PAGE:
Obama administration not taking any chance
Osama bin Laden may be dead but, like Banquo's ghost in Macbeth, the decade-long fear-pandemic that he unleashed on the United States has come back to haunt the anniversary of the 9/11 attacks.
Citing specific and “credible although unconfirmed” intelligence received from an informant by the U.S.' main spy agency, Secretary of State Hillary Clinton sought to justify going public with the news on the eve of the anniversary. “We took it seriously. There's also an advantage; by making it public you enlist literally millions of people to be your eyes and your ears.”
Recalling that the attempted attack by Faisal Shahzad, the so-called Times Square bomber, was foiled because “a food vendor saw something suspicious,” Ms. Clinton said she hoped the American public would “be part of ... [a] network of vigilance, where it's not just our law enforcement who are on the tip of the spear.”
Responding to news of the tipoff that two U.S. citizens, possibly of Arab descent, had travelled from the Afghanistan-Pakistan region and reached the U.S. last week, senior intelligence officials were quoted as saying that “The ‘chatter' indicated plans to attack Washington DC and New York City on the 10th anniversary of 9/11.”
Since that time the two major East Coast cities have been swamped by patrols of bomb-sniffing dogs in the subway system and vehicle searches by police — all aimed at discovering clues to a possible “vehicle-borne” attack.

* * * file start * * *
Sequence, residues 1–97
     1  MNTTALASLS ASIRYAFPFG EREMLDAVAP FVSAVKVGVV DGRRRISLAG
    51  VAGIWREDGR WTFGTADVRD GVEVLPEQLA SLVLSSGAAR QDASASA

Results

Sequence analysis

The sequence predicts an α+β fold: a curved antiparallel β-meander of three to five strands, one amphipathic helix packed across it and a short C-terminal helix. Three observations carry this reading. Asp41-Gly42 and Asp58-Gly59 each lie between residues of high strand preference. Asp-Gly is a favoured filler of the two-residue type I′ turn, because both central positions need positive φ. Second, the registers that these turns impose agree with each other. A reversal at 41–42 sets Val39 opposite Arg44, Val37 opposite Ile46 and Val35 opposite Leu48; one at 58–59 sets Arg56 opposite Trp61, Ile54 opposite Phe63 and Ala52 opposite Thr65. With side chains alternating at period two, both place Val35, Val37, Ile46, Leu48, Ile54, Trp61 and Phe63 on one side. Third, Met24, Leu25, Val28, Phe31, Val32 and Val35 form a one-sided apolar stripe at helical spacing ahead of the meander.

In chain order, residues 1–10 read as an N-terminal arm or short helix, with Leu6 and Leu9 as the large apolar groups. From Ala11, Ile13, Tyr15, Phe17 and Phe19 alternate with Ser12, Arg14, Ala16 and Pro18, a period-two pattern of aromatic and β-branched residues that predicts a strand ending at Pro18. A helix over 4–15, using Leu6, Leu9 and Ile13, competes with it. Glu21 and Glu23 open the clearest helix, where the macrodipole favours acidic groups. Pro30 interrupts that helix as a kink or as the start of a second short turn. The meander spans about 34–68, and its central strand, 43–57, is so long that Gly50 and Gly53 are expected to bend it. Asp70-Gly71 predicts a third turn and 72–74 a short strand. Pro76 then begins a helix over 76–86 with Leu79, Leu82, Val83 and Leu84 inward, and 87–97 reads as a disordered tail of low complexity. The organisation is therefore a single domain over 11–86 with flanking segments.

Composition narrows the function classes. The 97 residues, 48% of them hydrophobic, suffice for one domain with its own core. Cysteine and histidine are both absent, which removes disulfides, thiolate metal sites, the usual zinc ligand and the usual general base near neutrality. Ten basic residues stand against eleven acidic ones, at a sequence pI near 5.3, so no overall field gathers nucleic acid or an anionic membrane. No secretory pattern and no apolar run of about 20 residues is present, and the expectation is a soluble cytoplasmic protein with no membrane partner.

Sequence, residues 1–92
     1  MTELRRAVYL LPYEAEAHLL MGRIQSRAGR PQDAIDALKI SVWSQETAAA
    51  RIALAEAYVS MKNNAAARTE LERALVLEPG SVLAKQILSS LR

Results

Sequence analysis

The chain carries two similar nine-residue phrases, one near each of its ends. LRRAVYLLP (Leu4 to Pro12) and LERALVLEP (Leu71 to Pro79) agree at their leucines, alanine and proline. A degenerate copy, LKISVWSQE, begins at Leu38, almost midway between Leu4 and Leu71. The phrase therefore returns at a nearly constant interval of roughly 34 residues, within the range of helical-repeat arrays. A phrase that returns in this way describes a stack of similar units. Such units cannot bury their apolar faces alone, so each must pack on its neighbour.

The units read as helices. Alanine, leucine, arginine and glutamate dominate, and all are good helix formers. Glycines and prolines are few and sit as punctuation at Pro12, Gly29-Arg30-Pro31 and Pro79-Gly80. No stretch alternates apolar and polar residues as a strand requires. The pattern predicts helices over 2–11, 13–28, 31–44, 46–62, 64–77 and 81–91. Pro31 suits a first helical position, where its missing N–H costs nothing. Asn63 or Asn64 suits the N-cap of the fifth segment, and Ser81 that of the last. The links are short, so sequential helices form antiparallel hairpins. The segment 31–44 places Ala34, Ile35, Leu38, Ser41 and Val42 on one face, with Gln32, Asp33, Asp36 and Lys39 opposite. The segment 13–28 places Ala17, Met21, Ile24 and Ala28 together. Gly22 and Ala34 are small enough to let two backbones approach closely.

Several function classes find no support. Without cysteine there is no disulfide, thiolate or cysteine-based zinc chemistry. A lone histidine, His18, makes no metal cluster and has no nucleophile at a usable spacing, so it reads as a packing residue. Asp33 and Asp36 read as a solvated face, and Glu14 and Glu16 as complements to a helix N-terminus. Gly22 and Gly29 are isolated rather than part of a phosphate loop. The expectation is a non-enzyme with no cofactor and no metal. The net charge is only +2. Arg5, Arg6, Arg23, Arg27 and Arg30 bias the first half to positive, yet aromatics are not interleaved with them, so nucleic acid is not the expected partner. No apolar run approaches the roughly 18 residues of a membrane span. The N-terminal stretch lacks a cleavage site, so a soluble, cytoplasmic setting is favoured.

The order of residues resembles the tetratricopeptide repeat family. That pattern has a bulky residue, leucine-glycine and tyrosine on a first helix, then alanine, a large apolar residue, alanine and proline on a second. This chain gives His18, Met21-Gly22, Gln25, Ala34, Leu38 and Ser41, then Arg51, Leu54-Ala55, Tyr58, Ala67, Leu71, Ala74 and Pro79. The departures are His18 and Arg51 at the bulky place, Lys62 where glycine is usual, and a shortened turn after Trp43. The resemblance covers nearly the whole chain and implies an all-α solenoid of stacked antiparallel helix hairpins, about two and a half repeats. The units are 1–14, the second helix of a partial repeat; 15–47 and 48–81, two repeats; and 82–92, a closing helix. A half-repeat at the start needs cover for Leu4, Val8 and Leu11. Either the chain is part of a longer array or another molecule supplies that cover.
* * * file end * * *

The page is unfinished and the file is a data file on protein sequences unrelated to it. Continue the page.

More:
Some media reports, quoting intelligence officials, said the informant had approached the CIA with information that the men dispatched to carry out the attacks were following orders from al-Qaeda's new boss, Ayman al-Zawahiri, and that possibly two of the three individuals had U.S. documentation.
White House spokesman Jay Carney, however, suggested that the information on the possible attack this weekend might have been the result of a four-month investigation led by John Brennan, President Barack Obama's counterterrorism adviser.
Commenting on Mr. Obama's response to the perceived threat, he told journalists that Mr. Obama had asked “the whole team [to] redouble its efforts to follow all the information we get, all the threat information we get, and to take all the necessary precautions.”